After a long wait of 18 years, Salman Khan, 50, has been acquitted in the Chinkara and Blackbuck poaching cases. The actor was accused of killing the animals, both protected species, in two separate incidents in September 1998, while shooting for Sooraj Barjatya’s ‘Hum Saath Saath Hain’ in Rajasthan. These animals are considered as endangered animals protected under the Wildlife Protection Act of 1972.
The actor had filed an appeal in the Rajasthan high court after the sessions court failed to provide him any relief against the trial court’s decision sentencing him to one year and five years’ imprisonment in two separate cases of killing of the endangered species.
However, the Rajasthan HC in Jodhpur observed that the prosecution has failed to prove that a deer had even died as no carcasses were found. The HC held that the pellets recovered from chinkara carcasses were not fired from Salman’s licensed gun. The High Court observed, “There was no evidence to prove that the animals that were found dead were shot by Mr Khan's licensed gun”. Moreover, the police also couldn’t zero in on either the weapon used for the alleged hunt or the place where it took place.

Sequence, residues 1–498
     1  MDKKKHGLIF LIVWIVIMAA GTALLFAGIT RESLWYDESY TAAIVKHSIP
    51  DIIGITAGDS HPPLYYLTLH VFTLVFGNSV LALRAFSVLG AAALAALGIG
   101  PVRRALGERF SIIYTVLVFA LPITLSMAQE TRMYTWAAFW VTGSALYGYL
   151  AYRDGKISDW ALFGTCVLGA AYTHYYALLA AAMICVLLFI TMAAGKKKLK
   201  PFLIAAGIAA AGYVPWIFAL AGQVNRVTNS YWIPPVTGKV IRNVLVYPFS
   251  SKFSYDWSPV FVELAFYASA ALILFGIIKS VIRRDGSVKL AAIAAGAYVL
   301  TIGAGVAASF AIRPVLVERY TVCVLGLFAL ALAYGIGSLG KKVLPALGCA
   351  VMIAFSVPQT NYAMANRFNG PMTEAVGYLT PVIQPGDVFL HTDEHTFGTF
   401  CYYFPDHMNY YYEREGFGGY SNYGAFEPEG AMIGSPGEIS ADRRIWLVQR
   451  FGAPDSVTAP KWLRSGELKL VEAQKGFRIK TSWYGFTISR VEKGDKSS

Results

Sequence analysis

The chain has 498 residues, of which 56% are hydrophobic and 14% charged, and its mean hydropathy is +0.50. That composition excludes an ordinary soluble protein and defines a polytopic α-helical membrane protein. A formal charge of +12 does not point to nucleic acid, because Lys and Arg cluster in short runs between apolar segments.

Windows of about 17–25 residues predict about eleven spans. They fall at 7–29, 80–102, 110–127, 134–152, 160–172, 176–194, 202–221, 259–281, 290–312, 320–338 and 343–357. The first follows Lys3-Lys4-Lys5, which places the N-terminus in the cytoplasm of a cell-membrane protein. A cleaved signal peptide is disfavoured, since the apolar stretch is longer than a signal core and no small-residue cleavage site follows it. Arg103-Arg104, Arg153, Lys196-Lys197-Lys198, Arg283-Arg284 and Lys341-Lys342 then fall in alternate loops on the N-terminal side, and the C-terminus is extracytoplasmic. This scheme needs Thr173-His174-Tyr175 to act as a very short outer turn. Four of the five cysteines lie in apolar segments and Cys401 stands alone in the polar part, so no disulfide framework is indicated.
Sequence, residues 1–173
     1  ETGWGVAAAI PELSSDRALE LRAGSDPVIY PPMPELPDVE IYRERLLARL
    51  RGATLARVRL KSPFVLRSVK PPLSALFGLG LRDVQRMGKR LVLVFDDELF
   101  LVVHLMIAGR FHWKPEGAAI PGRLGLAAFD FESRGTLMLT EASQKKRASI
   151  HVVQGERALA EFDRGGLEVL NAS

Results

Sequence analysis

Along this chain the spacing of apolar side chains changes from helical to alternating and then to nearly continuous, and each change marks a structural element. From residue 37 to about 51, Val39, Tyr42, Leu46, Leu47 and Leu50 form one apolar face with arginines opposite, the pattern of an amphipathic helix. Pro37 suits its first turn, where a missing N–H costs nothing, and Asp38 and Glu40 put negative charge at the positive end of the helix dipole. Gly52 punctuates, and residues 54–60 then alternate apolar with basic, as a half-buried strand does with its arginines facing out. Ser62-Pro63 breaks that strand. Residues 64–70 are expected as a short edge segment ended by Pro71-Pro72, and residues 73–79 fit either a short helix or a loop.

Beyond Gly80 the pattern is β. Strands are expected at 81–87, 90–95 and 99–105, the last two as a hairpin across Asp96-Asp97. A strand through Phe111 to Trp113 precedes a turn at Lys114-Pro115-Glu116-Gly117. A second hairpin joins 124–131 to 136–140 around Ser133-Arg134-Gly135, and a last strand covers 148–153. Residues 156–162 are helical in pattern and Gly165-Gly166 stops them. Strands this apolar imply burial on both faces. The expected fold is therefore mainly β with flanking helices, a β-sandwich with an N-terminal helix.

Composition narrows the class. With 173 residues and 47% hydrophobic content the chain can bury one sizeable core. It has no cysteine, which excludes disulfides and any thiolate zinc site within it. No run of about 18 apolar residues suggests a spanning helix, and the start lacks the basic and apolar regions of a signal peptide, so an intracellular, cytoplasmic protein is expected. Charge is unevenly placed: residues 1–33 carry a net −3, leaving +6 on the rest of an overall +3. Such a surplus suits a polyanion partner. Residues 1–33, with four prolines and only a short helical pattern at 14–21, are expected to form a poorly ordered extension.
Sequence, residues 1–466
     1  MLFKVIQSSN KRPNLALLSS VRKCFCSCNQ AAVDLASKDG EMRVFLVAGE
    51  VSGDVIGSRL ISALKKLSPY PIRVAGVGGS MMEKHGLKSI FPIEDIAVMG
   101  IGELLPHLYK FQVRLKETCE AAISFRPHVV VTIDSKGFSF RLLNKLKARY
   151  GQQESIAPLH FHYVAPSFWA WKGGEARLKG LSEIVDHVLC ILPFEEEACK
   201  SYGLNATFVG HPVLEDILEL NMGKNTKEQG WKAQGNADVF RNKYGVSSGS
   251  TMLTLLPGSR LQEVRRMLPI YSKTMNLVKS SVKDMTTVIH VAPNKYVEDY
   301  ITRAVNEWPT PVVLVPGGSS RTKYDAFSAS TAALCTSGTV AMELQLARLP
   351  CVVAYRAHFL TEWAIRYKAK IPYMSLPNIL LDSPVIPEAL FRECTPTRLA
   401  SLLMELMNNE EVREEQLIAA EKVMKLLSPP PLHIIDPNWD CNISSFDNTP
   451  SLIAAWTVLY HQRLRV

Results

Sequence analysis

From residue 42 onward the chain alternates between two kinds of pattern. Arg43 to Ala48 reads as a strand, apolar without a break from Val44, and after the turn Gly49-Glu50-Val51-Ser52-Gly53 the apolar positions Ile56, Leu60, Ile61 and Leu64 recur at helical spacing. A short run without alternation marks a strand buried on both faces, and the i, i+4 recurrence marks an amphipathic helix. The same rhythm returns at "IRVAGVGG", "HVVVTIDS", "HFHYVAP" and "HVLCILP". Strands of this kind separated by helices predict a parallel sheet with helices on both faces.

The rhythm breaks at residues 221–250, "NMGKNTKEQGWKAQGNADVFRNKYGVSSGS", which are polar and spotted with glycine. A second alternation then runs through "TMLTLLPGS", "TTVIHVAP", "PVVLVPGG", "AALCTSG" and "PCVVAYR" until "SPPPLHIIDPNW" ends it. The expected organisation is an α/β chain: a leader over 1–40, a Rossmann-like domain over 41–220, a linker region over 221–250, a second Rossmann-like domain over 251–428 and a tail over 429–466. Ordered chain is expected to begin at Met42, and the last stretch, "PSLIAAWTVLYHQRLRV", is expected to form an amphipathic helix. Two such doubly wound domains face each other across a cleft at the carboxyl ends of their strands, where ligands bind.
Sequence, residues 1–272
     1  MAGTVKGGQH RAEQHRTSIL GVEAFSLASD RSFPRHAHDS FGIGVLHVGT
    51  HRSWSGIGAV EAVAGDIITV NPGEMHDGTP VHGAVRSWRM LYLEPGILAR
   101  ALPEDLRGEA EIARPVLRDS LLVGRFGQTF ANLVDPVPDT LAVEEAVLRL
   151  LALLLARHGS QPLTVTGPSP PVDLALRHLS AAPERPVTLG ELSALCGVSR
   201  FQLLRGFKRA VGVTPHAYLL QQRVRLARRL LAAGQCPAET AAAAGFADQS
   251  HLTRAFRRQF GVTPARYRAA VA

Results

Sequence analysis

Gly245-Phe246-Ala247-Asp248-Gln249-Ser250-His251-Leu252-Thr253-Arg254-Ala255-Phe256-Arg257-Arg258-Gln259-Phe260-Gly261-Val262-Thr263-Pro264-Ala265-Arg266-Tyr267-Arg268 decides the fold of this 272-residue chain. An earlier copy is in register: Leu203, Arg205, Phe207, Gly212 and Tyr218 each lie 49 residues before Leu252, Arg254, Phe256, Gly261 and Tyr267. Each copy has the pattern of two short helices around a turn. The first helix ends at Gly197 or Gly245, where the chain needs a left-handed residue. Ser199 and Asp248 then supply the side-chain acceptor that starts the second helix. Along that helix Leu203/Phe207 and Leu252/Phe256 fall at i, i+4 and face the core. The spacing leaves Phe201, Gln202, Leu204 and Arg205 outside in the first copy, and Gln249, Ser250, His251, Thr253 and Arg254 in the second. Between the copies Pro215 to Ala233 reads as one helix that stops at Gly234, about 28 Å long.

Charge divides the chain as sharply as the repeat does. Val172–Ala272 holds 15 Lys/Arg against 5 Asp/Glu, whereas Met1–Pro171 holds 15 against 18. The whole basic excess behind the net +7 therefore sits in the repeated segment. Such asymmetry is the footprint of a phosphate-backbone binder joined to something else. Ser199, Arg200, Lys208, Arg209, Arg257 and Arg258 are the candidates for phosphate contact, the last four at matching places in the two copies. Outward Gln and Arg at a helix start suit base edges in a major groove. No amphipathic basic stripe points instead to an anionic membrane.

The driver of the jeep that was used by Salman Khan and his co-stars for their alleged hunt has been missing, thus eventually weakening the prosecution's case against the bollywood star.
However, the state government can still appeal to the Supreme Court to over-rule today's decision. The Rajasthan state government, meanwhile, also indicated that it would appeal against the high court verdict. The state prominent Bishnoi community, which reveres the animal and is the original complainant in the case, may also challenge the decision. According to Mahipal Bishnoi, the lawyer for the community, “we can go to the Supreme Court against this verdict”. In 2007, Salman had spent a week in jail in Jodhpur before being granted bail. A third case about Salman’s alleged poaching is yet to be decided in Rajasthan.